; MAKING THE WORSE CASE APPEAR THE BETTER: BRITISH RECEPTION OF THE GREEK SOPHISTS PRIOR TO 1850
Documents
Resources
Learning Center
Upload
Plans & pricing Sign in
Sign Out
Your Federal Quarterly Tax Payments are due April 15th Get Help Now >>

MAKING THE WORSE CASE APPEAR THE BETTER: BRITISH RECEPTION OF THE GREEK SOPHISTS PRIOR TO 1850

VIEWS: 54 PAGES: 29

This essay surveys descriptions of the ancient Greek sophists written by British historians in the eighteenth and early nineteenth centuries. At that time, most historians portrayed the sophists as representing the corrosive influence of populism and commercialism on the intellectual life of ancient Athens. Beginning in the 1820s, several Whig and Radical historians began to challenge the traditional interpretation. Just as before, the revisionist histories of the sophists were shaped as much by modern political, economic, and religious interests as by disagreements about the evidentiary status of textual fragments from antiquity. Among the authors discussed in this survey are William Mitford, Walter Anderson, Samuel Taylor Coleridge, Thomas Mitchell, John Forster, Thomas Babbington Macaulay, Connop Thirlwall, G. H. Lewes, and George Grote. [PUBLICATION ABSTRACT]

More Info
  • pg 1
									    Making the Worse Case appear the Better:
     British reCeption of the greek sophists
                 prior to 1850
                                    Karen e. Whedbee




This essay surveys descriptions of the ancient Greek sophists written by British his-
torians in the eighteenth and early nineteenth centuries. At that time, most histo-
rians portrayed the sophists as representing the corrosive influence of populism and
commercialism on the intellectual life of ancient Athens. Beginning in the 1820s,
several Whig and Radical historians began to challenge the traditional interpre-
tation. Just as before, the revisionist histories of the sophists were shaped as much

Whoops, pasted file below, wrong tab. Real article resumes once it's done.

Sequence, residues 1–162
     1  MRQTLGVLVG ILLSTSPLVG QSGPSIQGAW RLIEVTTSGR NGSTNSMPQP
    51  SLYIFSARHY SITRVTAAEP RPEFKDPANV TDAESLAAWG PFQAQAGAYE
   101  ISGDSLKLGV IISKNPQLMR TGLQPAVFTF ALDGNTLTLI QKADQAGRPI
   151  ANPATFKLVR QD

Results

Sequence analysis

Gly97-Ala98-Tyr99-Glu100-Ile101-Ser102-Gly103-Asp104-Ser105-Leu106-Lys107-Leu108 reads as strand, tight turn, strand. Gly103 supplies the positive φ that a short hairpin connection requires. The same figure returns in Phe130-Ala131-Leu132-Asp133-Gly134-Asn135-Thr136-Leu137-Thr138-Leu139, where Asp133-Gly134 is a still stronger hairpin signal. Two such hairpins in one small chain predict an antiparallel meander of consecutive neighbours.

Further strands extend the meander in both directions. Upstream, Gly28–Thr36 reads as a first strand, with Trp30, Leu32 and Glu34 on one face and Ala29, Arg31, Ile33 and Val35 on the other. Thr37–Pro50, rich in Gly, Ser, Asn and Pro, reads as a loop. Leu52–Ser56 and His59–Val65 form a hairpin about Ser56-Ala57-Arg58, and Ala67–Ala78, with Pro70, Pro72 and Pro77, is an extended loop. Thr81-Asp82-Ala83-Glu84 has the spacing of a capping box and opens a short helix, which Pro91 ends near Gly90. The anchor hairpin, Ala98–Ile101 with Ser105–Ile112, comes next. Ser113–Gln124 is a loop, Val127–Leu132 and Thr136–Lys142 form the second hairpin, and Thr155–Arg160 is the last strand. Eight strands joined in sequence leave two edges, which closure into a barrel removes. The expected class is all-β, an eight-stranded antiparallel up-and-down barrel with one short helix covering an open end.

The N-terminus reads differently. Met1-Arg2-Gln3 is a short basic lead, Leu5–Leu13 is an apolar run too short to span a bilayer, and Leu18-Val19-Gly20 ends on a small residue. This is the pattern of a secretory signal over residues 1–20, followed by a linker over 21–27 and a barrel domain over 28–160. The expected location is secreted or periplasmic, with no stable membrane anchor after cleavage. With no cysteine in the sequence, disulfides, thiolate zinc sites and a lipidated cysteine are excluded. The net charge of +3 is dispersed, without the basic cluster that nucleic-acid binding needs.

by modern political, economic, and religious interests as by disagreements about
the evidentiary status of textual fragments from antiquity. Among the authors
discussed in this survey are William Mitford, Walter Anderson, Samuel Taylor
Coleridge, Thomas Mitchell, John Forster, Thomas Babbington Macaulay, Connop
Thirlwall, G. H. Lewes, and George Grote.

   One of the most remarkable phenomena in our recent historical literature is a
   tendency to whitewash all characters which had previously presented a black
   aspect; to prefer the intellectual divination of a subtle modern professor to the
   plain testimony of a sober old chronicler; and generally to unsettle all things that
   we had in previous ages been taught to look on as settled.



Karen E. Whedbee is Associate Professor of Communication at Northern Illinois University
in DeKalb, Illinois. The research for this essay was completed with financial support from a
National Endowment for the Humanities Faculty Grant (2006). Any views, findings, conclu-
sions, or recommendations expressed in this publication do not necessarily reflect those of the
National Endowment for the Humanities. Additional support was provided by Northern Illinois
University through a Summer Research and Artistry Award (2006). Catherine Lang served as an
undergraduate research assistant for this project. The author thanks Carol Poster for her gener-
ous criticism of an earlier version of the paper and Janet Novak for her valuable suggestions and
editorial assistance.

© 2008 Michigan State University Board of Trustees. All rights reserved.
Rhetoric & Public Affairs Vol. 11, No. 4, 2008, pp. 603–630
ISSN 1094-8392
604	                                                       RhetoRic	&	Public	AffAiRs


I  n his 1874 essay, John Stuart Blackie noted the growing influence of
     revisionist historians who manipulated the historical record so as to
transform villains into heroes and heroes into villains.1 He directed attention
specifically to George Grote’s rehabilitation of the ancient Greek sophists. Prior
to Grote, historians had always condemned the sophists as a class of morally
corrupt men who engaged in the cynical and self-interested manipulation of
public opinion. However, in volume 8 of his History of Greece, originally pub-
lished in 1850, Grote presented arguments that reversed this 
								
To top